Preferably, the interspacing dielectric layer 6.would be an insulating sheet ofthe aforementioned Mylar (Trademark of the E. I. duPont de Nemours Corp.) material coated on two sides withan adhesive so that, on final assembly, the corresponding conductive pads 2 and 2, 3 and 3' carried on their respectivefilms or films and substrates 1 will be held-in vertical and horizontal alignment with each other in a fixed relationship. The finally assembled capacitive-circuit consisting of the films l and the circuitry thereon, with the interspacing dielectric and adhesive 6, results ina flexible, thin, doubly insulated, (i.e., dielectric on both exterior surfaces) capacitively coupled circuit through which;
'AC signals may be propagated whenever a given coupling conductor member 7 is placed in proximity to a given pair of pads 2-and 3, or 2 and 3 adjacent one surface of the assembly as illustrated. The flexible nature of the completed circuit substrate assembly lends itself well to the maintenance of flatness which is required for the accurate coupling of signals through conductive member 7 since the flexible assembly may be placed over a flat, rigid support plate or substrate not i shown. In the alternative, the lower substrate may itself be rigid to provide this support and flatness as was pre I viously pointed out.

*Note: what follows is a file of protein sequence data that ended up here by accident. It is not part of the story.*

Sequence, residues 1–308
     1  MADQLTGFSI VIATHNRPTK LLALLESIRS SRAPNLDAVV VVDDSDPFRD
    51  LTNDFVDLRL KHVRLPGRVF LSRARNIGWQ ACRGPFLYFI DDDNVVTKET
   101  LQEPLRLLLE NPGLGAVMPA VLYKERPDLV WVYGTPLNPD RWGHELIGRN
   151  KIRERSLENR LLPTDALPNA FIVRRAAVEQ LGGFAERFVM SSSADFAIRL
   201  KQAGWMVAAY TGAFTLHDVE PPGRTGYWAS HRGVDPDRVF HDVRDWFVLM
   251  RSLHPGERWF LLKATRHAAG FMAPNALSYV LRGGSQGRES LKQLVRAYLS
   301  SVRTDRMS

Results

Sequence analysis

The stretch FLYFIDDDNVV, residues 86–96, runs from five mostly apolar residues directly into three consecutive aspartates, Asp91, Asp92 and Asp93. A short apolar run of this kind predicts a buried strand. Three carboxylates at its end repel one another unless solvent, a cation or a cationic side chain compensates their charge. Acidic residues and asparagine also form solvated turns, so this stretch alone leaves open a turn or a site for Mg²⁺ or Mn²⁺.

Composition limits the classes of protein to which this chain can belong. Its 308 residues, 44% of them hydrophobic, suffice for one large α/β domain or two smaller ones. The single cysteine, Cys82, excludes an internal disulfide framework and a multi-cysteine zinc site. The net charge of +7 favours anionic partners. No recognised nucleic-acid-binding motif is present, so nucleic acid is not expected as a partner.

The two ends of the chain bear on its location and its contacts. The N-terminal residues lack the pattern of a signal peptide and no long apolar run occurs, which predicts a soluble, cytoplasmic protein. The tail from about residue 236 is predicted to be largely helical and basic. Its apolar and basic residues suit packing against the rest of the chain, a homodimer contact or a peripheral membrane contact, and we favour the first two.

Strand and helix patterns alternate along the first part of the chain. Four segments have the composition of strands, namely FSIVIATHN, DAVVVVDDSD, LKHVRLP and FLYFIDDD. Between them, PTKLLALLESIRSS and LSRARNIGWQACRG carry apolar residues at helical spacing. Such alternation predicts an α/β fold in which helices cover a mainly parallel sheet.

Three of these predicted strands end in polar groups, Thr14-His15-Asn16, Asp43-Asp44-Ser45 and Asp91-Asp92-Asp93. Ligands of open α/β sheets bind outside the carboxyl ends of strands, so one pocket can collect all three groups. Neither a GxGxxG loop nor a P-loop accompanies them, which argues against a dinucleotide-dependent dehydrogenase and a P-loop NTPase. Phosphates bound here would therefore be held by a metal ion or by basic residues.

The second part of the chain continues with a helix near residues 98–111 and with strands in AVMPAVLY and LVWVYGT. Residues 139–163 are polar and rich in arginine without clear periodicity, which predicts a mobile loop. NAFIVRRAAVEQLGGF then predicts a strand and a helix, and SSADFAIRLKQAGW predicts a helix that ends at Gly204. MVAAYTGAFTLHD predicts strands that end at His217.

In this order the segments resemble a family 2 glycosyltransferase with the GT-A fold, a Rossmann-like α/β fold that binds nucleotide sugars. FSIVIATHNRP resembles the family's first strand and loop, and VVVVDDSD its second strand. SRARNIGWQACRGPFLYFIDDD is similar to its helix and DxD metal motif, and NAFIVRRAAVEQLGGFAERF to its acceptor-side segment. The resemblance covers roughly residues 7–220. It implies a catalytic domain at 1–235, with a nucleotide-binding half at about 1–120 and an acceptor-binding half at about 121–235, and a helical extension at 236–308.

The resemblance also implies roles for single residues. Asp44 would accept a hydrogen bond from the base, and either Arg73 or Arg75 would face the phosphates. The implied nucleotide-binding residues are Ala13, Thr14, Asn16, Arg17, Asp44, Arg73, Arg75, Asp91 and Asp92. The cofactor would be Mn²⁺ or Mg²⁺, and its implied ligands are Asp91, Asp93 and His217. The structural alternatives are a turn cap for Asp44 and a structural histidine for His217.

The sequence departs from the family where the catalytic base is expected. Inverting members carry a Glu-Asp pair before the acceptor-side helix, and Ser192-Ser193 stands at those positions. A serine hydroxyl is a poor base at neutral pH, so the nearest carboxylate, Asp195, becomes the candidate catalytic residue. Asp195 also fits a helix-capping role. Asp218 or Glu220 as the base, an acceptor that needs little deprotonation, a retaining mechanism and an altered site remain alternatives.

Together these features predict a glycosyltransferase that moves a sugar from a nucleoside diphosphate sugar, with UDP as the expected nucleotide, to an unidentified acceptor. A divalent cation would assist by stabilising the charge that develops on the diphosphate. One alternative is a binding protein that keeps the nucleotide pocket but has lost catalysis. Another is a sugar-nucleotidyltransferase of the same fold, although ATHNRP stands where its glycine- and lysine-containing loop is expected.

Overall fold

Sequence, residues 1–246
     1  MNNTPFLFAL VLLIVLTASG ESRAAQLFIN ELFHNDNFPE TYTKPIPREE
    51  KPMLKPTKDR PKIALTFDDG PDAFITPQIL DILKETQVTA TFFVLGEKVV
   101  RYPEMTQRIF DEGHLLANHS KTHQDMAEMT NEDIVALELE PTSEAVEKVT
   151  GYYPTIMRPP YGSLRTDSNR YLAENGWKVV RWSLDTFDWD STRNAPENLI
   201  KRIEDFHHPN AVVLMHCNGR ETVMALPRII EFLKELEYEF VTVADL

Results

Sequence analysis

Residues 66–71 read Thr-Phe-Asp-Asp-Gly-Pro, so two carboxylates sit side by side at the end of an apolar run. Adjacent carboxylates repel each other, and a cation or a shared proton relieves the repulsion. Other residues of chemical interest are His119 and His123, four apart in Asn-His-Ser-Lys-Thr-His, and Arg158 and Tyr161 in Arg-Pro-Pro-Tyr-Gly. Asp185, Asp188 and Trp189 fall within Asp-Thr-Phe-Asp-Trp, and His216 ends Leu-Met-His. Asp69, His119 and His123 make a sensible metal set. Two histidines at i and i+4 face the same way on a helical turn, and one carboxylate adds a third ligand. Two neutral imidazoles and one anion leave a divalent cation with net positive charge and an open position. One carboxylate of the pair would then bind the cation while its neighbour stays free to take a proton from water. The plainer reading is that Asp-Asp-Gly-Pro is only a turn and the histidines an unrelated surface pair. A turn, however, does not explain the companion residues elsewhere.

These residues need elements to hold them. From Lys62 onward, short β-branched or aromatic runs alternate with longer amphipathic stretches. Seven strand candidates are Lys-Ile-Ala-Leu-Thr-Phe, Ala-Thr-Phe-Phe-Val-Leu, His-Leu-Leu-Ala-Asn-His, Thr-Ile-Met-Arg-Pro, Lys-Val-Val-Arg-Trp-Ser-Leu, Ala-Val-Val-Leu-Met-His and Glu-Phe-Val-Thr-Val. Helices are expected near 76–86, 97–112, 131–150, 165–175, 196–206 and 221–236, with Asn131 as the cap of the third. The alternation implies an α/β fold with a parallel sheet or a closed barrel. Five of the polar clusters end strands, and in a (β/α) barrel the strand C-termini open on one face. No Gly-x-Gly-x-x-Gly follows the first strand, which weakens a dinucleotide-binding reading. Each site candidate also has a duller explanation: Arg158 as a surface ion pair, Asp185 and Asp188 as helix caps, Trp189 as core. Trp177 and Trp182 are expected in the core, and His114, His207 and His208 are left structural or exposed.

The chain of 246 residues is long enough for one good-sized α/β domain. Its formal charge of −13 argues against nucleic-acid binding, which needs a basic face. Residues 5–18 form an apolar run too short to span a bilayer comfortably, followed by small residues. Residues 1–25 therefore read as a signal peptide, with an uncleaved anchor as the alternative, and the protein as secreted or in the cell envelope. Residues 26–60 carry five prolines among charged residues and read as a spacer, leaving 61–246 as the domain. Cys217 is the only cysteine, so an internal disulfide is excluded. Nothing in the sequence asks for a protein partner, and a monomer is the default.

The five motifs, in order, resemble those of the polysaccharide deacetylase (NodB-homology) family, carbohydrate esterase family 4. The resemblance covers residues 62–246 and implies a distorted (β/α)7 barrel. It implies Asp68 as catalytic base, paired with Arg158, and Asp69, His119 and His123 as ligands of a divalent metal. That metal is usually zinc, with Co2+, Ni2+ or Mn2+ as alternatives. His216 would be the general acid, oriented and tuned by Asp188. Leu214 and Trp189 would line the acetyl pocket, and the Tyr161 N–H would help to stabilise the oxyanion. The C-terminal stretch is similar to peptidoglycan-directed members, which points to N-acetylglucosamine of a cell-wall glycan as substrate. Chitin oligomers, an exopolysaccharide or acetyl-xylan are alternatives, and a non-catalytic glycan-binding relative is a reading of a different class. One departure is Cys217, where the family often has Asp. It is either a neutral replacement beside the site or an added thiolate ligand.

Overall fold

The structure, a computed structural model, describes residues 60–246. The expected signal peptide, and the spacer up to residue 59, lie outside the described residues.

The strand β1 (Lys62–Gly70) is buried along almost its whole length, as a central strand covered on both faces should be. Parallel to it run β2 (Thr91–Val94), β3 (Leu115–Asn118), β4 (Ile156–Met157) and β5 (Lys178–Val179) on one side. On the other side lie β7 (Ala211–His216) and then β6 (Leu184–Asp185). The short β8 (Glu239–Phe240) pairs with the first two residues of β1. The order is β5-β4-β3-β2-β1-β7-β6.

Preferably, the completed sandwich of circuit bearing substrates and dielectric inner layer 6 with adhesive on both sides thereof, is achieved by pressing the elements together in proper relationship toone-another using flat platens so as to exclude-all air and moisture from the conductive patterns. A sealed structure results because ofthe use of adhesive on both sides of interlayer 6 and because the circuitry-is carried on the'inside surface of the films (or film and substrate) 1, in the assembled sandwich. This results in providing, in a single manufacturing step, the effect. of carefully cleaning sealing the surface of an ordinary rigid circuitboard with, for example, a copper pattern on top of it with a coating of dielectric material but without the inherent difficulties of maintaining flatness, integrity, assuring evenness of coating and thoroughness of cleansing, etc., normally associated therewith. Also, as is quite clear from FIG. 2, there are no physical through con-. nections from one circuit substrate film l to the other; rather, AC signals are coupled Capacitively through capacitance C3 from one substrate to the other. The total area reduction which is brought about by the normal use of two-sided matrix circuit substrates previously alluded to is provided in this structure, but without the use of through-plated holes or the expensive processing associated therewith.